Judokas spreading the way.

Like mother, like son...judo runs through this family’s veins

It’s more than just a mother-and-son relationship — with Shirin Farag’s coaching, Tarek Elmayergi, wearing his most recent gold medal, has become one of the top judokas in Canada, routinely beating athletes five years his senior. (AVI SAPER)

Considering how his parents first met, it should hardly be a surprise that Tarek Elmayergi has become one of the best young judokas in the country.

Basil Elmayergi was visiting relatives in Egypt in 1987 when he found himself in the same judo club as Shirin Farag, a member of the Egyptian national team.

Fast-forward 23 years, and the couple is living in Southdale, married with five children — four boys who do judo, and a girl who doesn’t.

The second oldest son, 15-year-old Tarek, has been training under his mother’s guidance at the University of Winnipeg Judo Club since he was seven. At 5-foot-6 and 264 pounds, he competes in the 100-plus kilogram weight class, the heaviest in the sport.

At this summer’s Canadian junior championship, Elmayergi won silver medals in both the under-17 and under-20 age categories. A year earlier, he captured gold in the under-15 competition.

Most recently, he came home from Montreal with a gold medal in the under-20 division of the Quebec Open International Judo Tournament.

With all this success — made obvious by the wall in the family’s basement covered by medals and trophies he and his older brother have won — Elmayergi is happy to have his mother as his coach.

"It’s easier for me to understand what she’s doing than it would be with another coach," he said. "I know that she knows what she’s talking about. Plus I can learn stuff at home, too."

Farag, who won gold medals for Egypt in African, Francophone and Arabic championships, believes she can help her son the most with the mental side of the sport.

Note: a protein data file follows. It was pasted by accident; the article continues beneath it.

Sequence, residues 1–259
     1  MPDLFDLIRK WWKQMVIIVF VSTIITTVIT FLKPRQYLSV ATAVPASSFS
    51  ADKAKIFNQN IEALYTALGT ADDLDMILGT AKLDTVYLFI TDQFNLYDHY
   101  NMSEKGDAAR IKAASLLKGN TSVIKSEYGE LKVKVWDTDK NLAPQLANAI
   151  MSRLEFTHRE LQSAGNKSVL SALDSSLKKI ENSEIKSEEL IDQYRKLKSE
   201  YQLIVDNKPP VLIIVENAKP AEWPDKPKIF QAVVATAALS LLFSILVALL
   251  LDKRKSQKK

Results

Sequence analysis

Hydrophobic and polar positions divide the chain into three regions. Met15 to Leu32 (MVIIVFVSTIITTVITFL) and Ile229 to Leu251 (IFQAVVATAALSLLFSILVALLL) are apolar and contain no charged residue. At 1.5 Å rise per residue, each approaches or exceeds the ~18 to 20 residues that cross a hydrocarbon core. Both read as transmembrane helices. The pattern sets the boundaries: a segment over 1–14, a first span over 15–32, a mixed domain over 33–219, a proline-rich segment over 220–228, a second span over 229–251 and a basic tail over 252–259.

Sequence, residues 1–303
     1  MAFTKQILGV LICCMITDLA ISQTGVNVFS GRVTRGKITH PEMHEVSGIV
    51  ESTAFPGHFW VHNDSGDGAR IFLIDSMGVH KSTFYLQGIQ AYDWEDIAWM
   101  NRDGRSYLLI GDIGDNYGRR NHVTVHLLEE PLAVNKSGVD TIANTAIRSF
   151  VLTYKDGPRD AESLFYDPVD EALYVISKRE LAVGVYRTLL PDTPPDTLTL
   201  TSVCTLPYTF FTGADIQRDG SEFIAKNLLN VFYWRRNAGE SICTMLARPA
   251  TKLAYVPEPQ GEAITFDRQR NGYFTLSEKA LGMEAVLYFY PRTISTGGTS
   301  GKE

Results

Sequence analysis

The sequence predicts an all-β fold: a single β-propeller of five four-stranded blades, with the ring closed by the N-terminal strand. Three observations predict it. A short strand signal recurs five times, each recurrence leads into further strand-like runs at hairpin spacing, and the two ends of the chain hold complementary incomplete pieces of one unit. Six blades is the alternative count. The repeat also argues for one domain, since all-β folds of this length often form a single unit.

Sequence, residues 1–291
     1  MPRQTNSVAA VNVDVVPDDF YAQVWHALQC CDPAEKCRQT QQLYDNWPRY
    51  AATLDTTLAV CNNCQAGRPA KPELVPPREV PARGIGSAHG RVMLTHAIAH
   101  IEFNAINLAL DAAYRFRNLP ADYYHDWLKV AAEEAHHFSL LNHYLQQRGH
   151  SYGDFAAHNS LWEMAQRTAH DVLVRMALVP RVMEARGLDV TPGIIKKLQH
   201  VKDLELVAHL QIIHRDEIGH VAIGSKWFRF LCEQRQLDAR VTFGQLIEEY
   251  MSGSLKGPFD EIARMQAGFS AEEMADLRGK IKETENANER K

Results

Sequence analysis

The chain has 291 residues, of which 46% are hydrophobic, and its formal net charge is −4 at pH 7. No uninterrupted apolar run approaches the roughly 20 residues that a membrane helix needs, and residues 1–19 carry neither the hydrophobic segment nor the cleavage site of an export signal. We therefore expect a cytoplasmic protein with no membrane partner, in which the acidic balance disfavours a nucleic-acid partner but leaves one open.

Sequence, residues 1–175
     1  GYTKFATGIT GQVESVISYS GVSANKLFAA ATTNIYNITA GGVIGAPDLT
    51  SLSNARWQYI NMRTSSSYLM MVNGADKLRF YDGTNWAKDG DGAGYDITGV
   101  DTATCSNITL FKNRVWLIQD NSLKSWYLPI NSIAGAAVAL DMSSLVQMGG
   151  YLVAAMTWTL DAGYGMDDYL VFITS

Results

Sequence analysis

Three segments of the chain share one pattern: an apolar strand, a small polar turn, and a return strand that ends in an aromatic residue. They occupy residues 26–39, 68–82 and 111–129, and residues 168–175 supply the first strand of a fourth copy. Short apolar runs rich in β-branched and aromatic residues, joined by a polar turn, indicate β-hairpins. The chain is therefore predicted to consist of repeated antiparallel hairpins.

"He’s doing everything I was doing when I was young," she said. "Where I can make a difference is before a competition… I can talk to him in the car and the house. At the competition, I can get him mentally prepared and ready to win."

During the fall, Elmayergi’s judo training decreases in intensity as he plays nose tackle for the Churchill Bulldogs football team.

"I do judo three times a week, about 10 hours, plus about four hours of weight training," said Elmayergi, a member of this past summer’s under-16 provincial football team who hopes to land a university football scholarship.

When football season is over, Elmayergi will return to his regular regimen of 20 to 22 hours a week of judo training. He says the long hours and hard work are made worth it by the thrills he gets in competition.

"The travelling and the fighting in competitions are the payoff," he said.

The next big payoff will come next March, when Elmayergi will represent Canada at the International Masters competition in Bremen, Germany.

He hopes that event will be a springboard to many more international competitions, and eventually an Olympic Games.

"He’s going to the Olympics," said Farag, as if the only question is whether it will be the 2016 or 2020 Games. "This is what I saw for him when he was nine years old."


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